Early humans began in southern Africa, study suggests
Modern humans may have originated from southern Africa, an extensive genetic study has suggested.
Data showed that hunter-gatherer populations in the region had the greatest degree of genetic diversity, which is an indicator of longevity.
It says that the region was probably the best location for the origin of modern humans, challenging the view that we came from eastern Africa.
The study appears in the Proceedings of the National Academy of Sciences.
"Africa is inferred to be the continent of origin for all modern human populations," the international team of researchers wrote.
"But the details of human prehistory and evolution in Africa remain largely obscure owing to the complex histories of hundreds of distinct populations."
Co-author Brenna Henn, from Stanford University, California, said the team's study - the most comprehensive of its kind - reached two main conclusions.
"One is that there is an enormous amount of diversity in African hunter-gatherer populations, even more diversity than there is in agriculturalist populations," she told BBC News.
"These hunter/gatherer groups are highly structured and are fairly isolated from one another and probably retain a great deal of different genetic variations - we found this very exciting."
Dr Henn added: "The other main conclusion was that we looked at patterns of genetic diversity among 27 (present-day) African populations, and we saw a decline of diversity that really starts in southern Africa and progresses as you move to northern Africa."
She explained that the team's modelling was consistent with the serial founder effect. This refers to a loss of genetic variation when a new population is established by a very small number of individuals from the original, larger population.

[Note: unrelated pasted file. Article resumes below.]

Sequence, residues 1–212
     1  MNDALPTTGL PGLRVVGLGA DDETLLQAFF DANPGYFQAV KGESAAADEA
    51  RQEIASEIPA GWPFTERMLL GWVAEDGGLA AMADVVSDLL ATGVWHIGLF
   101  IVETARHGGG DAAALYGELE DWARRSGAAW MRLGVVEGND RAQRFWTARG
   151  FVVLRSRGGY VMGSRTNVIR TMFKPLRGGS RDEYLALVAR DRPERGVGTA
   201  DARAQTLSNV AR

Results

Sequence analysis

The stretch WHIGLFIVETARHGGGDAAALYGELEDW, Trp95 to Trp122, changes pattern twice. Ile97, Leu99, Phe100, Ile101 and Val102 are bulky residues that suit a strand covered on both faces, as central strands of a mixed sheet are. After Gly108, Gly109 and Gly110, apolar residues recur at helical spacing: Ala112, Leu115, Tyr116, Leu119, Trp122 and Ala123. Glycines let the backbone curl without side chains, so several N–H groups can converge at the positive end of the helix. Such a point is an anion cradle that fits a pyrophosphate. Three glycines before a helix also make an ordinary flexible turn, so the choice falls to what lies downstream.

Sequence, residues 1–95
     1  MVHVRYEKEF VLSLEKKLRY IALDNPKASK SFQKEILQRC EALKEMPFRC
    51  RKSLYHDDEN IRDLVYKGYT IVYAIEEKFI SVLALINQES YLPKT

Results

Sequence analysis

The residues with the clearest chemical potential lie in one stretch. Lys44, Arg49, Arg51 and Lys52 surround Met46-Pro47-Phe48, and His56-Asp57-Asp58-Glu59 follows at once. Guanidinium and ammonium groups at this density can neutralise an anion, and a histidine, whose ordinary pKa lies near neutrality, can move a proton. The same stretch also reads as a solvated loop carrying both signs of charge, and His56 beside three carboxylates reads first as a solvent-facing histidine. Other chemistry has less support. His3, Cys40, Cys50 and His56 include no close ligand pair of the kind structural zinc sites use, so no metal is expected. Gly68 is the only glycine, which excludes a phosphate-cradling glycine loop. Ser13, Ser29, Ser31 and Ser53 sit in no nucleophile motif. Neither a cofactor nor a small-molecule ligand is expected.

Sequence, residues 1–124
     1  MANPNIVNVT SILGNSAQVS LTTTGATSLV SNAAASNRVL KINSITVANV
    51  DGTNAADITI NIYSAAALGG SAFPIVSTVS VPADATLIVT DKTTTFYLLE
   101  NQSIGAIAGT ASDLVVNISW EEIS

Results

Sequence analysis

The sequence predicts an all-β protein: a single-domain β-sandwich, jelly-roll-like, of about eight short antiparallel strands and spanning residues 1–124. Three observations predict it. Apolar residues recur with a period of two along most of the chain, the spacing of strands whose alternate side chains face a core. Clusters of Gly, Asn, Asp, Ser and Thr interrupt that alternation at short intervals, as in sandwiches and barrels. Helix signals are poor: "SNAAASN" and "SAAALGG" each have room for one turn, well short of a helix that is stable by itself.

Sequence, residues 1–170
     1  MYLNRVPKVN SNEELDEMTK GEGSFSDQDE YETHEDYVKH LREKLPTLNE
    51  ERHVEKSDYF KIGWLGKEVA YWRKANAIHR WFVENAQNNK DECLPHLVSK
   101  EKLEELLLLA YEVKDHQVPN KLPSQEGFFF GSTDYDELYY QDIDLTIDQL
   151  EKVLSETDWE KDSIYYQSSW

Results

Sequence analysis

"Populations in southern Africa have the highest genetic diversity of any population, as far as we can tell.
"So this suggests that this might be the best location for (the origins) of modern humans."
Chris Stringer, a leading palaeontologist based at the Natural History Museum, London, said: "The new paper... suggests that the genes of the Namibian and Khomani bushmen (southern Africa), Biaka pygmies (Central Africa) and the Sandawe (East Africa) appear to be the most diverse, and by implication these are the most ancient populations of Homo sapiens."
Professor Stringer, who was not involved in the study, added: "This is a landmark study, with far more extensive data on... hunter gatherer groups than we have ever had before, but I am cautious about localising origins from it."
He said that the ranges of these groups were currently quite limited, but rock paintings by ancient populations that had been linked to the Bushman hinted that they were once far more widespread.
"It seems more likely that the surviving hunter-gatherer groups are now localised remnants of populations that formerly ranged across much of sub-Saharan Africa 60,000 years ago," he told BBC News.
Professor Stringer said that he no longer thought that there was a single "Garden of Eden" where we evolved. Instead, he said, "distinct populations in ancient Africa probably contributed to the genes and behaviours that make up modern humans".